It's hard for us to admit that things aren't going well in our lives. When we see a friend or neighbor, they ask, "How's it going?" and we instinctively answer "Great!" without giving it a moment's thought, even if things in our lives aren't actually that great. There's an unspoken cultural pressure for us to put on a front that our lives are happy, successful, and fun.
But often that's just not the case.
One of the common themes we see throughout the pages of scripture is that of lament. A lament is an emotional and visceral response to the often sad state of reality in our lives. Of the 150 psalms in the Bible, dozens of them are classified as "lament psalms," in which the author of the psalm mourns the ever present reality of living in a fallen world where difficult things happen. The author asks big questions, like "Why did this bad thing happen, God?" and "Do you even still love me? Do you care about me? Are you really watching over me? Because sometimes it doesn't seem like it." In our society (and especially in the church) there's an unspoken pressure to come off as a happy, successful, fulfilled person, in which there isn't much room for lament.
We need to make room in our Christian lives for lament, because when we lament we ask good and deep questions about God and life. Some people are afraid of asking those hard questions, because they feel that to ask them is to expose doubts in their hearts. But the writers of scripture knew that God was big enough to handle their questions, their complaints, and even their doubts, and so they laid them all before God. We should learn to do the same. And in the process, we will discover that lament can be a healthy and even healing thing in our lives because, when we ask deep questions, we find satisfying answers in God's word.
A year or so ago, my friend Pam died of cancer. She had been diagnosed a year previous, and went through the usual treatments and the debilitating side effects of chemotherapy. She was miserable. About a week before she passed away, she told me she had some questions for me and would like to talk, so I went to see her. As we talked, she very honestly lamented to me, "Why me? Why did God give me this cancer?"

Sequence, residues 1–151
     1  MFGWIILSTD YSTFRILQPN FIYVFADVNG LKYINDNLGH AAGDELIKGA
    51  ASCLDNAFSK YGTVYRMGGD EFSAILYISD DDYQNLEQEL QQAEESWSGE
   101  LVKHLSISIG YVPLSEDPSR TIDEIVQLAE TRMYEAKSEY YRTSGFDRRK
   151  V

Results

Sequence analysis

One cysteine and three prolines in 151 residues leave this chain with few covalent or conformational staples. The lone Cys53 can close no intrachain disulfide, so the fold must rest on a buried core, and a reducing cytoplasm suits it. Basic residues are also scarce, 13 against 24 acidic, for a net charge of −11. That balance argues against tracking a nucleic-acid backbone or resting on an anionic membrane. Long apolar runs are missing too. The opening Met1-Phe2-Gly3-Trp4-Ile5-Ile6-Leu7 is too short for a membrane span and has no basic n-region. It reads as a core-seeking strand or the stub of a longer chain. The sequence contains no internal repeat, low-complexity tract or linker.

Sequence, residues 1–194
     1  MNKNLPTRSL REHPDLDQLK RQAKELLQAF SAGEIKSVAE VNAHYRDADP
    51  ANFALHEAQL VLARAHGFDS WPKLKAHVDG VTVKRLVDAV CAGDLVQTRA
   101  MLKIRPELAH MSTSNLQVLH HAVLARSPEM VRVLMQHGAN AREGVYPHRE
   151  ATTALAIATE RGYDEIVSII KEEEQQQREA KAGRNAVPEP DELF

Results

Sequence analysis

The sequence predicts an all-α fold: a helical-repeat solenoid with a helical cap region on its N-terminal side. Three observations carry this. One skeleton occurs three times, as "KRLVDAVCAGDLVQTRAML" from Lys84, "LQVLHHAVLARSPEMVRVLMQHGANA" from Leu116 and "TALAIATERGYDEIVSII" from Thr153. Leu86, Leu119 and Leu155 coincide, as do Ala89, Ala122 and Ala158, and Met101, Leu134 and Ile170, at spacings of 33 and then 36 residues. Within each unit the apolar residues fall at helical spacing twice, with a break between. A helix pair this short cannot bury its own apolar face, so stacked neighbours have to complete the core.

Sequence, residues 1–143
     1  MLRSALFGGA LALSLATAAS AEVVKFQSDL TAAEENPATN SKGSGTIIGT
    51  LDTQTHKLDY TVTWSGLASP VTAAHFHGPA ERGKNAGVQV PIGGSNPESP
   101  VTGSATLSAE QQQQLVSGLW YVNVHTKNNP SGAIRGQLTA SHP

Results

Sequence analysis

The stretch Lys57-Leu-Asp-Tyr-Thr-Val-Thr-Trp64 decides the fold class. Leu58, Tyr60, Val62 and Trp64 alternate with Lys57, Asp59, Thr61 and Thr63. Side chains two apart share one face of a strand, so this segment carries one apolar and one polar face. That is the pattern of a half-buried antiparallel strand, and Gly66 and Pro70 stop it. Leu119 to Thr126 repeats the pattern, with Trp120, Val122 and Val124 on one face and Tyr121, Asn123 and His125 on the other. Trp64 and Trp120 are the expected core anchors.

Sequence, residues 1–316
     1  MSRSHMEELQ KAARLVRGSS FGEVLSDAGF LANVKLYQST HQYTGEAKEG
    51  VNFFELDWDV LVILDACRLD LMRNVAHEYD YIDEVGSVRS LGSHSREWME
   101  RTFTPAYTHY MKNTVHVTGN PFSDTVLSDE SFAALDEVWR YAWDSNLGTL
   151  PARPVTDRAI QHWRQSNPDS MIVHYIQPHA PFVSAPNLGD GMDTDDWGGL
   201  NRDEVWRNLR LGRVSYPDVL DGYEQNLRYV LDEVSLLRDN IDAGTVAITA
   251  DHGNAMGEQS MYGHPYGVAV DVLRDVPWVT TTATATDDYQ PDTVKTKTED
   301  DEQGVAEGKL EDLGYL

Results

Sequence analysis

Have you ever been asked that question? It's not an easy one to answer.
All I could do was reaffirm to her what scripture tells us: We don't know the exact reason why God does what he does, but the Bible tells us that he is wise, kind and good. It tells us that he watches over us, both in our best times and in our worst times. It tells us that he cares for us, and he uses all things - even cancer - to make us more like Jesus.
Pam rejoiced and found peace in this answer. To be clear, this wasn't my answer to her question, but it was the answer that God gives us through his word. And in this answer, Pam found her hope. She had lamented that it seemed that God was far from her, but in turning to scripture she could stand firm on the truth, even in the face of death. We ended our visit together by singing her favorite worship song, "He Will Hold Me Fast," which she sang loudly and with a newfound confidence in her God. A confidence which she may not have had, had she not brought before the Lord her lament. We need to make room in our Christian lives for this kind of lament because it can lead us to truth and healing.
My favorite biblical example of the healing power of lament is in Psalm 77. The first nine verses of this psalm are the author's lament. In these verses he says things like, "I remembered you, God, and I groaned" (wow!), and "Will the Lord reject forever? Will he never show his favor again?" and "Has God forgotten to be merciful?" Those are pretty serious complaints. Obviously the author of this psalm has been through something difficult, and he feels that God just simply doesn't care. And so he honestly, openly, offers his lament.
But the psalm doesn't end there. The psalmist's lament leads him to the healing truth of the testimony of what God has done. In response to the deep and significant questions the psalmist has about life and God, he turns to the record of the testimony of what God has done: "Then I thought, 'To this I will appeal: the years when the Most High stretched out his right hand. I will remember the deeds of the Lord; yes, I will remember your miracles of long ago. I will consider all your works and meditate on all your mighty deeds.' Your ways, God are holy. What god is as great as our God? You are the God who performs miracles; you display your power among the peoples."
The answer to the psalmist's deep questions was the truth of God's word. The healing to his pain came in the knowledge of what God has said and done throughout history, and the faith that he would act again.
It's OK to be sad. It's OK to have questions. It's OK to be angry (as long as your anger doesn't lead you into sin). It's OK to lament. And not only is it OK, but it's a good and healthy Christian practice. So make room in your Christian life to lament. Maybe the next time someone asks you how you're doing, instead of the usual "Great!" answer you can lament, and use that as a way to be a witness of how God has been working in your life. Or maybe instead of wearing the typical "Perfect Christian Smile" the next time you go to church, share about the difficulties you've been struggling with. Lament. And be healed.